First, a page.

City officials in San Juan Capistrano, Calif., have launched the process to change their city regulations after they faced a nationwide uproar over a decision to issue a citation and assess a $300 fine against a couple for having a Bible study.
“There is no reason why any family in the United States of America should have to worry about the government crashing their home Bible study, or whatever meeting they’re having,” said Brad Dacus, president of Pacific Justice Institute, which has worked on the case involving the Fromm family.
Just this week, city council members voted unanimously to adopt changes to their zoning codes, based on recommendations from the institute, following the issue that developed over the Bible study.
Dacus said his hope is that other cities “can learn from this wonderful resolution … to not make the same mistake twice.”
The backlash over the city’s actions followed its decision to issue a citation to and fine the organizers of the Bible study. PJI’s court actions earlier convinced the city to reverse course and refund the fines that had been applied to Chuck and Stephanie Fromm.
At the time, they were told that they faced the potential for additional fines of $500 for each additional Bible study they would hold.
The city code, section 9-3.301, was cited for prohibiting religious organizations in residential neighborhoods without a conditional-use permit, a sometimes very expensive procedure.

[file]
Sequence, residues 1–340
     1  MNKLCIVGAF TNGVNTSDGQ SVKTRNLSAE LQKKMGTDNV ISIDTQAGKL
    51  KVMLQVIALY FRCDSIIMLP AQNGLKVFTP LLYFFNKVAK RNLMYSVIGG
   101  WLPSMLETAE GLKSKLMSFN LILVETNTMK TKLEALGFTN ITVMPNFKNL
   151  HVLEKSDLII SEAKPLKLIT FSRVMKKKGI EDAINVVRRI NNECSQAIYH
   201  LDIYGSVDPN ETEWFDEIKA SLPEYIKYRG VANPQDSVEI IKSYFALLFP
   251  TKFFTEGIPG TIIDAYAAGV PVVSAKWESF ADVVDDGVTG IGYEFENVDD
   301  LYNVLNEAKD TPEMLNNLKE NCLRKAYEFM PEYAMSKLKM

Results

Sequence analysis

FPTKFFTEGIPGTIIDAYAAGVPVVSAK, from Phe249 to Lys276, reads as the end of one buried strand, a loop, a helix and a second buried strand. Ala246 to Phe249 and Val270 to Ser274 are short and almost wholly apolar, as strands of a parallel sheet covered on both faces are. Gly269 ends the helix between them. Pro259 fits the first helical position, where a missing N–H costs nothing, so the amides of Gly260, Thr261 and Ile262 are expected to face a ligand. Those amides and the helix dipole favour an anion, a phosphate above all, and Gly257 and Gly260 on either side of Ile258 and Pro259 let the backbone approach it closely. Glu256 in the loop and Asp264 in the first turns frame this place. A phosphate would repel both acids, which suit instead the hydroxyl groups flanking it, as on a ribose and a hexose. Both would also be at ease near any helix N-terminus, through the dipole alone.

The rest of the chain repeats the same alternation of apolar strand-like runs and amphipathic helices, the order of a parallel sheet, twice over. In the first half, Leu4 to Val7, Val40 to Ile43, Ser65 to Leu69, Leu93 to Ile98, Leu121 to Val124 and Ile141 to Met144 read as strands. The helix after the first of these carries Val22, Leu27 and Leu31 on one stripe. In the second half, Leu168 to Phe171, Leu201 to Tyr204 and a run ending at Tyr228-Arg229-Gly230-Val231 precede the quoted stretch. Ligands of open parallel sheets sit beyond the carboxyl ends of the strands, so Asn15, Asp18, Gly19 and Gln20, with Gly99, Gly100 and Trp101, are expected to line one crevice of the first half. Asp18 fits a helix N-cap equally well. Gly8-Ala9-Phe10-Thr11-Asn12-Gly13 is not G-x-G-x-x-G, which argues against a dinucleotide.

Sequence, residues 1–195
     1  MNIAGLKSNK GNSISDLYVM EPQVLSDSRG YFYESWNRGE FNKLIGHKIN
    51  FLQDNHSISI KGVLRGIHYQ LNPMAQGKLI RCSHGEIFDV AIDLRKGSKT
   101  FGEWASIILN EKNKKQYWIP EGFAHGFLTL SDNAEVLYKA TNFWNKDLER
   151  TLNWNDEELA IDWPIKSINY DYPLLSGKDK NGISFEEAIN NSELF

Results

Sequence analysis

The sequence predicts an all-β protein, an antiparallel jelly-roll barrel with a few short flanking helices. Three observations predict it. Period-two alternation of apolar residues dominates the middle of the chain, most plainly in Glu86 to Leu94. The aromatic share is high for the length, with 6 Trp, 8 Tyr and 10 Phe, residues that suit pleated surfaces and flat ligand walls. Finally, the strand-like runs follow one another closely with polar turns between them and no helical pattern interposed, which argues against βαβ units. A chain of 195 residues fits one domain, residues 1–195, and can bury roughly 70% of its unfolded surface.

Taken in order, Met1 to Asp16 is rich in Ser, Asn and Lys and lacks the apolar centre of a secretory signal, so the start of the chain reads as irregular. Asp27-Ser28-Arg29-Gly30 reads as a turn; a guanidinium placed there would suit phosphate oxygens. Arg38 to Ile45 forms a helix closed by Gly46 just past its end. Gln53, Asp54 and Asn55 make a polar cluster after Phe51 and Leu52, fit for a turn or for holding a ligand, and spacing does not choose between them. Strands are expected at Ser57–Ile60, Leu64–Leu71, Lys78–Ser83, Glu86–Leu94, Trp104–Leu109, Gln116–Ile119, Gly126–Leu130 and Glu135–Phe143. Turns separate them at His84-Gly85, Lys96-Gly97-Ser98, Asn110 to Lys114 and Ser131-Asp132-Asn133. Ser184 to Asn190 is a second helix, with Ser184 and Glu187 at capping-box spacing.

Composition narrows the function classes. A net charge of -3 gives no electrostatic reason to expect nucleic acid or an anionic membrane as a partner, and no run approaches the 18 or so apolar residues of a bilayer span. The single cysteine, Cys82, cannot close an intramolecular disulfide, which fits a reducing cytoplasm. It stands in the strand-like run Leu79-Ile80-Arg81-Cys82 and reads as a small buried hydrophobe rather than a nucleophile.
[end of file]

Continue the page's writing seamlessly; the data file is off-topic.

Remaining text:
The code cites “churches, temples, synagogues, monasteries, religious retreats, and other places of religious worship and other fraternal and community service organizations.”
Dacus said earlier the “heavy-handed permit requirement” was simply unrealistic.
“In a city so rich with religious history and tradition, this is particularly egregious. An informal gathering in a home cannot be treated with suspicion by the government, or worse than any other gathering of friends, just because it is religious. We cannot allow this to happen in America, and we will fight as long and as hard as it takes to restore this group’s religious freedom,” he said when the case developed.
But with the decision to make changes in its city code, Dacus said the city is on the right track.
The Pacific Justice Institute reported the changes being adopted by San Juan Capistrano conform to the California Building Code, which does not apply church building standards to home-based groups with fewer than 50 attendees.
As a result, small home-based religious groups in the city will be treated like similarly sized secular gatherings and will not be required to get costly use permits.
WND previously reported on similar controversies in Rancho Cucamonga, Calif., and in Gilbert, Ariz.
Pacific Justice said it has represented larger churches that have been required to spend hundreds of thousands of dollars as part of the permit process on such items as engineering and traffic studies and architectural designs. The process includes public hearings and ultimately can result in a rejection by the city.
Dacus’ statement on the latest developments:
Fromm, the publisher of Worship Leader Magazine, wanted to hold Bible studies on Wednesdays that drew some 20 people, while similar studies on Sundays attracted up to 50 to their acreage that includes their home, a corral, a barn, a pool and a huge back yard.
The case also is similar to a previous dispute in San Diego County. There, officials apologized after a code-enforcement officer tried to shut down a Bible study.